About NU
On college affordability, Nebraska has a great story to tell, August 2013

By James B. Milliken
President, University of Nebraska

When it comes to the topic of college affordability, the headlines often focus on runaway tuition rates and excessive student debt. President Obama’s recently announced proposals to rein in college costs in the U.S. have renewed the focus on what should be done to ensure that higher education is open to all who could benefit from it.

I welcome the opportunity for a conversation about a critical issue that impacts not only students and their families, but also the competitiveness of our nation. While the details of the President’s proposals are still to come, I am convinced that the University of Nebraska has a good story to tell. Affordable access to quality education has long been our highest priority. True to our land-grant tradition, we believe the university should be accessible to all Nebraskans who are qualified and want to attend, so that they may enjoy the numerous personal, economic and societal benefits that higher education brings and so our state can enjoy the competitiveness that an educated workforce provides. And I am proud to say that we have delivered on our commitment.

Almost a decade ago, we worked with the Board of Regents to develop a set of strategic goals for the university – goals that would guide our actions and keep us focused on the future. Each broad goal includes specific performance metrics in key areas – tuition rates, enrollment growth, graduation success and others – by which we regularly and publicly measure ourselves.

One of the important sets of strategies we have pursued involves striking an appropriate balance among state funding, tuition charges, financial aid and cost effectiveness. For a public university like ours, a stable base of funding from the state can help ensure moderate, predictable tuition increases that help students and families plan for the cost of college. Since we implemented our strategic plan, we have increased tuition and fees at a rate 20 percent lower than the average for four-year public universities. Further evidence of the importance of this balance came this year, when we proposed to freeze tuition for Nebraskans if the state would make a basic investment in the university. The compact we reached with Governor Heineman and the Legislature will save the average undergraduate up to $1,000 over two years – savings that could mean less time working or smaller debt loads for our students.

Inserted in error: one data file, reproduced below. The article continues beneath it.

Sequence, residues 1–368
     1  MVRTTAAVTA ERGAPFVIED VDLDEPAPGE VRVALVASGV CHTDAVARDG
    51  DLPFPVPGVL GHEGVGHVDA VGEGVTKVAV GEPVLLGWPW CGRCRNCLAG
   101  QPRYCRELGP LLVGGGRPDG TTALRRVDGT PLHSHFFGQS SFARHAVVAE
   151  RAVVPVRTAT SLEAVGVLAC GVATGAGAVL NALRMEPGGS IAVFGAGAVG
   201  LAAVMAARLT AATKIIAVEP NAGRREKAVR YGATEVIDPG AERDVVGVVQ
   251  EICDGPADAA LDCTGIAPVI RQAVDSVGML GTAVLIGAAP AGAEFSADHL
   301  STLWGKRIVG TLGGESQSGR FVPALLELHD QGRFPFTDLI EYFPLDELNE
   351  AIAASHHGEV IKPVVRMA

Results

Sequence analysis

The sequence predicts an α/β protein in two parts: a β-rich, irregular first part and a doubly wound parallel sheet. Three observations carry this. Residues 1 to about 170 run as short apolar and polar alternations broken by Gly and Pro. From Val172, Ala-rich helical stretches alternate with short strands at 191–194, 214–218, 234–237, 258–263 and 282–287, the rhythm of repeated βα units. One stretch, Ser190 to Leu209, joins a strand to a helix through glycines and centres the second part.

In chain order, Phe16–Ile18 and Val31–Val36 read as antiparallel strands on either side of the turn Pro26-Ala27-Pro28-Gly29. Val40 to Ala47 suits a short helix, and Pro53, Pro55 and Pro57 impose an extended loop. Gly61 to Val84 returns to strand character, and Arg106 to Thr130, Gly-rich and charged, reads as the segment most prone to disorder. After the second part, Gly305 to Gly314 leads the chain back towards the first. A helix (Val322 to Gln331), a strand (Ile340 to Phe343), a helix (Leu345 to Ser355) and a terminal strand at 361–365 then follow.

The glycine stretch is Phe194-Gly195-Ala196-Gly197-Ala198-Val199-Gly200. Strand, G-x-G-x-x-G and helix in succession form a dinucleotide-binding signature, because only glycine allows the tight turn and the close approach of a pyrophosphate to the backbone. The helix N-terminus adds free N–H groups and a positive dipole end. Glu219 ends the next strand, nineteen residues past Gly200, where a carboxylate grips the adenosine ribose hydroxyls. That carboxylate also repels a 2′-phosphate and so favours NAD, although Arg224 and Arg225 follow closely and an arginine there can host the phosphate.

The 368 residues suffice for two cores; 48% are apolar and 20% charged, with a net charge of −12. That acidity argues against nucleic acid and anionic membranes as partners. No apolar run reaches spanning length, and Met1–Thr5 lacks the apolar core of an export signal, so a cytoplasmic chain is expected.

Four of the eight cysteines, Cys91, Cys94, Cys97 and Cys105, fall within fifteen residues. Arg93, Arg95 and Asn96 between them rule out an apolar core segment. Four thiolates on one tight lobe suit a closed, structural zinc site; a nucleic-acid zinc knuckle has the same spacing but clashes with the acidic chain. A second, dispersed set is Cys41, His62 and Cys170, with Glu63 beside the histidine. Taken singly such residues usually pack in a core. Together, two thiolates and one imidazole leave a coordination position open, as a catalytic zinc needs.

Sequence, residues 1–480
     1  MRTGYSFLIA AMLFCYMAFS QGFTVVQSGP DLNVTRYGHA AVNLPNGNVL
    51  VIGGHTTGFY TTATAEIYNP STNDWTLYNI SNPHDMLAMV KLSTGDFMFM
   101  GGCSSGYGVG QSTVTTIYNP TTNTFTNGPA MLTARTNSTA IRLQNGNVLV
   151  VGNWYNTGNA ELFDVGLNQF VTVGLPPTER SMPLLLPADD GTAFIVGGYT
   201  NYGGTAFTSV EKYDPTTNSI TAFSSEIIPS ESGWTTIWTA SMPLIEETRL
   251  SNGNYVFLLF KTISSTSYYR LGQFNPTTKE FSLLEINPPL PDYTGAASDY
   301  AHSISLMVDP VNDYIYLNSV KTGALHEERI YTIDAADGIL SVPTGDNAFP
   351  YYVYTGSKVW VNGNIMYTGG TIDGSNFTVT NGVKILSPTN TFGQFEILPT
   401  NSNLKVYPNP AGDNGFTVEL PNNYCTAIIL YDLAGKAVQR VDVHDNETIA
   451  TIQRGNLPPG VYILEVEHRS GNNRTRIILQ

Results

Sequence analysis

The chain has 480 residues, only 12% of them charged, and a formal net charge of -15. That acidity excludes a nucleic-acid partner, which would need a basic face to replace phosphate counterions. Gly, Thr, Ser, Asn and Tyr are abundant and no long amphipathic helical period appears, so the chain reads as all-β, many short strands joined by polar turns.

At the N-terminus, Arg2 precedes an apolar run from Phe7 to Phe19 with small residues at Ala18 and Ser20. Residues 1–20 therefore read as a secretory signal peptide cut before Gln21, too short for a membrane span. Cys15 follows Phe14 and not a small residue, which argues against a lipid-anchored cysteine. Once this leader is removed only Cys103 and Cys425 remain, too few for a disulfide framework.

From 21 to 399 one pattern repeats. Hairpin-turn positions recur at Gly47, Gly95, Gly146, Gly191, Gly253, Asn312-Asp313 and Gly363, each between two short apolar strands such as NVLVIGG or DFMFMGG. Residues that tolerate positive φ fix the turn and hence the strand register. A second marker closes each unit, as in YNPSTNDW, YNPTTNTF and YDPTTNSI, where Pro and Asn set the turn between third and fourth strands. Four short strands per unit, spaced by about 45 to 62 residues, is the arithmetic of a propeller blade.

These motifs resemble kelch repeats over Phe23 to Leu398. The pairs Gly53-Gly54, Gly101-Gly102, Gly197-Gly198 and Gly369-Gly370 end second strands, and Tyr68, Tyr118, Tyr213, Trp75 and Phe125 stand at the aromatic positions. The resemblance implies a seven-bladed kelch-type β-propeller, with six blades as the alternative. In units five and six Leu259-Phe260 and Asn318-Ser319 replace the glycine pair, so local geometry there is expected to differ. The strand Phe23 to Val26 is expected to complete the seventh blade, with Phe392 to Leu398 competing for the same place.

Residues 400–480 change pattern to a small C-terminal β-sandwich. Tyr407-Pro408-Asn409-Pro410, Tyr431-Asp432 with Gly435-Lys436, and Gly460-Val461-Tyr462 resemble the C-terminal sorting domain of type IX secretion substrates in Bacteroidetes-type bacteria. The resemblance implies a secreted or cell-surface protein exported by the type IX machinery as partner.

Even before the tuition freeze, tuition rates on each of our campuses were well below the peer average. UNL’s tuition is lowest in the Big Ten. Our student debt levels are at or below the peer average – students at UNL and UNK, on average, graduate with about $4,000 less in debt than do their peers – and our four campuses have the four lowest student loan default rates among all Nebraska public institutions.

In addition to keeping tuition low, we’ve made significant investments in need-based financial aid, including our Collegebound Nebraska program, which guarantees that students with the highest need can attend the University of Nebraska and pay no tuition. More than 6,600 NU students are attending the University this year at least in part because of Collegebound Nebraska, and many more benefit from the numerous need-based and merit-based aid opportunities available. In fact, more than half of all NU undergraduates receive some form of grant aid that does not have to be repaid, meaning the majority of our students pay less than the advertised “sticker price.”

There is a final and very important aspect of providing affordable access – ensuring that our campuses are cost effective. Managing our resources in a way that is accountable to those who invest in us – taxpayers, students, parents, donors and others – is among our most important goals. Since 2000, we have implemented more than $78 million in budget reallocations in order to keep costs down while also investing in priorities. And this is in addition to many cost avoidance strategies adopted during that same period. We have streamlined programs, eliminated services and kept employee numbers down, all while significantly growing enrollment and research activity. Our staffing numbers, including at the administrative levels, are lower than those at comparable institutions.

I know college is a major investment for Nebraska families and that the state of Nebraska makes a significant investment in higher education. I think the evidence is clear that the investment is worth it. In just a few short years, two-thirds of all jobs in our state will require education beyond high school. And despite what the national headlines may say, we are fortunate that in Nebraska students can receive an excellent education for a great value. That’s something all Nebraskans can be proud of.

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